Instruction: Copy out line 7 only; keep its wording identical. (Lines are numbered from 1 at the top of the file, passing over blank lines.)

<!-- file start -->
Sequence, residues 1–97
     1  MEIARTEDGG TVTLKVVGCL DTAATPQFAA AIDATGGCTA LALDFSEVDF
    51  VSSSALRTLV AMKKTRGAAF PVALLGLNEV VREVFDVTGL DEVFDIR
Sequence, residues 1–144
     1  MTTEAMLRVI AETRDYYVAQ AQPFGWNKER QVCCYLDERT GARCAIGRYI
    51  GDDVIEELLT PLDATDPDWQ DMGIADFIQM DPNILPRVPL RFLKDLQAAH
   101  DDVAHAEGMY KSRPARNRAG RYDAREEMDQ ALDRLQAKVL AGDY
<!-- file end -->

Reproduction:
   101  DDVAHAEGMY KSRPARNRAG RYDAREEMDQ ALDRLQAKVL AGDY